Selected Case Studies – illustrating various valuation approaches

  • National Parks in Georgia

  • Lake Sevan in Armenia

  • Marine Park management in Cancun, Mexico

Caspian EVE 2005/UNDP and WBI John A. Dixon, Valuing Environmental Resources


Wtp for a national park in georgia case study 1

WTP for a National Park in Georgia –case study #1

  • Estimating the WTP for new and existing national parks in Georgia

  • Uses CVM to estimate WTP

  • Surveys Georgians within the country, and foreigners living in Georgia, Armenia, and Azerbaijan

  • Derives estimates for both daily and annual passes for Georgians

Caspian EVE 2005/UNDP and WBI John A. Dixon, Valuing Environmental Resources


Measuring wtp for restoration of lake sevan armenia case study 2

Measuring WTP for Restoration of Lake Sevan, Armenia – case study #2

  • Designed to supplement a change in productivity analysis of an investment operation by including use and non-use values

  • Includes Armenians in Armenia and also those Armenians who live abroad (a larger number)

  • Tests two payment vehicles – a one-time payment and monthly payments for 3 years

  • Applies Benefit Transfer to estimate expatriate WTP (based on relative income levels and other factors)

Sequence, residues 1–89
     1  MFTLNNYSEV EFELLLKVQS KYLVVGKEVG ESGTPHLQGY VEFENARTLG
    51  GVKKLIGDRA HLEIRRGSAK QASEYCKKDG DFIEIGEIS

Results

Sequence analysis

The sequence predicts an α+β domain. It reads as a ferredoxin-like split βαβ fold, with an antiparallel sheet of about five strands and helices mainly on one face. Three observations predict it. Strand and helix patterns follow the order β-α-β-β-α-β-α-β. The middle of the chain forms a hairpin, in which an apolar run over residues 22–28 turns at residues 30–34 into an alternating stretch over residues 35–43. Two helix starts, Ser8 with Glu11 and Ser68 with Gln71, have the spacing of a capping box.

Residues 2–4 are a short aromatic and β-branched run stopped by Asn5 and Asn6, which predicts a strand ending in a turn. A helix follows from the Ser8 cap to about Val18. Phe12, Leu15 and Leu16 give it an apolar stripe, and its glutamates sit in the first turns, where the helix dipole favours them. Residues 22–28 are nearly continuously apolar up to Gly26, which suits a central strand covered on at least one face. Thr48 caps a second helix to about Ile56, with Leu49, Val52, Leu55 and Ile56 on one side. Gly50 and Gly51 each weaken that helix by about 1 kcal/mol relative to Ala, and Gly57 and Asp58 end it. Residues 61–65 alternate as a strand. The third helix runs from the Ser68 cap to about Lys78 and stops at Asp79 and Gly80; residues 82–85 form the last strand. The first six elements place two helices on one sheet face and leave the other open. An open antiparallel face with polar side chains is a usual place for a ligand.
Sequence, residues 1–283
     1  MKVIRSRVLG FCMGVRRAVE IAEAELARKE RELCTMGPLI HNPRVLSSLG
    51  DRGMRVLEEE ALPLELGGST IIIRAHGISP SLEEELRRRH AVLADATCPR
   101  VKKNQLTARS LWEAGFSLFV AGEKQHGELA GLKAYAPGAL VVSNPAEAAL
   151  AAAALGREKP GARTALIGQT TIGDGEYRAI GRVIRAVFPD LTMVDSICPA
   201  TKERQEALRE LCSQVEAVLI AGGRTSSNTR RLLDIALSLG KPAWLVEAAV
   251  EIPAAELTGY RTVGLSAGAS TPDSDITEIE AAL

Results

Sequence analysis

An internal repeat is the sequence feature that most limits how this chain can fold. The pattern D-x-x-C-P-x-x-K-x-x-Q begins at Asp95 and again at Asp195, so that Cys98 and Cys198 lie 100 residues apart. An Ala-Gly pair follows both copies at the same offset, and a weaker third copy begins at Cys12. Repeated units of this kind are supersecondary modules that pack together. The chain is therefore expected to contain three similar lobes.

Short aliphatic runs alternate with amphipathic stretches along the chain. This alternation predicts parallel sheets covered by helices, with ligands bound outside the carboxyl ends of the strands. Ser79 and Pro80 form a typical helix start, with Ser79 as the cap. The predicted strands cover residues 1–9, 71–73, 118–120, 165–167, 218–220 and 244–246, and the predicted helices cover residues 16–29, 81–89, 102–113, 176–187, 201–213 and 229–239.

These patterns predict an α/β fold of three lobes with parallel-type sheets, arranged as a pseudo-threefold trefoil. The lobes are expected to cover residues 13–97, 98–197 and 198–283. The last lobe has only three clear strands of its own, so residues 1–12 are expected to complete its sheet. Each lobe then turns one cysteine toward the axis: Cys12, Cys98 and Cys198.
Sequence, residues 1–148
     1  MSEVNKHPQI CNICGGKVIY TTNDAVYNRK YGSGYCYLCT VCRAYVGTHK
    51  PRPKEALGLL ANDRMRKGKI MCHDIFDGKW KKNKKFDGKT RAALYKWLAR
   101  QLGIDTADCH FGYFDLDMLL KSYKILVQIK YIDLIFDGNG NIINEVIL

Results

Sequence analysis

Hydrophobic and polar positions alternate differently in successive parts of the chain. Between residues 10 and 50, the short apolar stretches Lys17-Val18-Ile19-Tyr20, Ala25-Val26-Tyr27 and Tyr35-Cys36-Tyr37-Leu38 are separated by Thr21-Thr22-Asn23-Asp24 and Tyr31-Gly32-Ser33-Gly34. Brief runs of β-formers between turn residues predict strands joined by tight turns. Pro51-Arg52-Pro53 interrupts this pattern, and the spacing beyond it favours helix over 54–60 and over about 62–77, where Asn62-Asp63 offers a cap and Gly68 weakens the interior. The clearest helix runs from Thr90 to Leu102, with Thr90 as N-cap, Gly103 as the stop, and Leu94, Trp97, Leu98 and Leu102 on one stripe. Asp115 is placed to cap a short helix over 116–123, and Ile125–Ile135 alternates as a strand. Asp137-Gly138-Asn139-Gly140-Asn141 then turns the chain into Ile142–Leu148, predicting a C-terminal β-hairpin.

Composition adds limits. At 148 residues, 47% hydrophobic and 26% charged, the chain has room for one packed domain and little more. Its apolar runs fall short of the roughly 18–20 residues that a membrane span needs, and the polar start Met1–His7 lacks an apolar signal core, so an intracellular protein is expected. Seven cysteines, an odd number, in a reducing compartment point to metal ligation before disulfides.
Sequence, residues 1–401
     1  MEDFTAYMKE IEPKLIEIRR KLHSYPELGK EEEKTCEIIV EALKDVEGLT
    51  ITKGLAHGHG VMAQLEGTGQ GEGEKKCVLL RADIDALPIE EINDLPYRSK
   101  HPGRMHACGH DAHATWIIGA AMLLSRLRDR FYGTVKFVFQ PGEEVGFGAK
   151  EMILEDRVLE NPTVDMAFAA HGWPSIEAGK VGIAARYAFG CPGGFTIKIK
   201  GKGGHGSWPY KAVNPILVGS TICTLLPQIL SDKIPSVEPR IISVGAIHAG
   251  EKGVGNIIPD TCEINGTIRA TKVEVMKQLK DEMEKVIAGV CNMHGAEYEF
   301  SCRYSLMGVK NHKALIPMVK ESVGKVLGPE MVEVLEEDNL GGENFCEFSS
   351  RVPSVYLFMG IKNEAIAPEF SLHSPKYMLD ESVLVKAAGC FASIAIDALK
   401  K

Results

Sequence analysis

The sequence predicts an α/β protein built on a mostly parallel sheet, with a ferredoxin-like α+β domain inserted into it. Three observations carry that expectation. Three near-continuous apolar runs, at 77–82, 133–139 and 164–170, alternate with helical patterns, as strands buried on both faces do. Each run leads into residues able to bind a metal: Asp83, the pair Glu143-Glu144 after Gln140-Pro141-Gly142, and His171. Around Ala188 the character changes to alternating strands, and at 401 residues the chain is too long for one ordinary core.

Caspian EVE 2005/UNDP and WBI John A. Dixon, Valuing Environmental Resources


Paying for management of a marine park in cancun mexico case study 3

Paying for Management of a Marine Park in Cancun, Mexico –case study #3

  • A “paper park” in need of financial support

  • Large visitor numbers and large revenues associated with park use (snorkeling tours), but no entrance fees collected

  • Challenge : how to tap visitor WTP (and ability to pay), and retain revenues locally to help pay management costs

  • Used creative financing, working with stakeholders, new legal measures, and revenue sharing

Caspian EVE 2005/UNDP and WBI John A. Dixon, Valuing Environmental Resources


Conclusions

Conclusions

  • A wide variety of valuation techniques exist that can be used to value environmental resources

  • Literature expanding rapidly in both developed and developing countries

  • Increased acceptance of the techniques and the results by government decision makers

  • Cannot value all NRM project components –e.g. what is biodiversity worth????

Caspian EVE 2005/UNDP and WBI John A. Dixon, Valuing Environmental Resources


Conclusions cont d

Conclusions (cont’d)

  • Some short cuts are possible (e.g. quick and dirty approaches; benefit transfer) but have to be used with caution

  • Valuation can be built into project design and does not have to be terribly expensive

  • See your friendly local World Bank/ UNDP environmental economist for assistance!!!

Caspian EVE 2005/UNDP and WBI John A. Dixon, Valuing Environmental Resources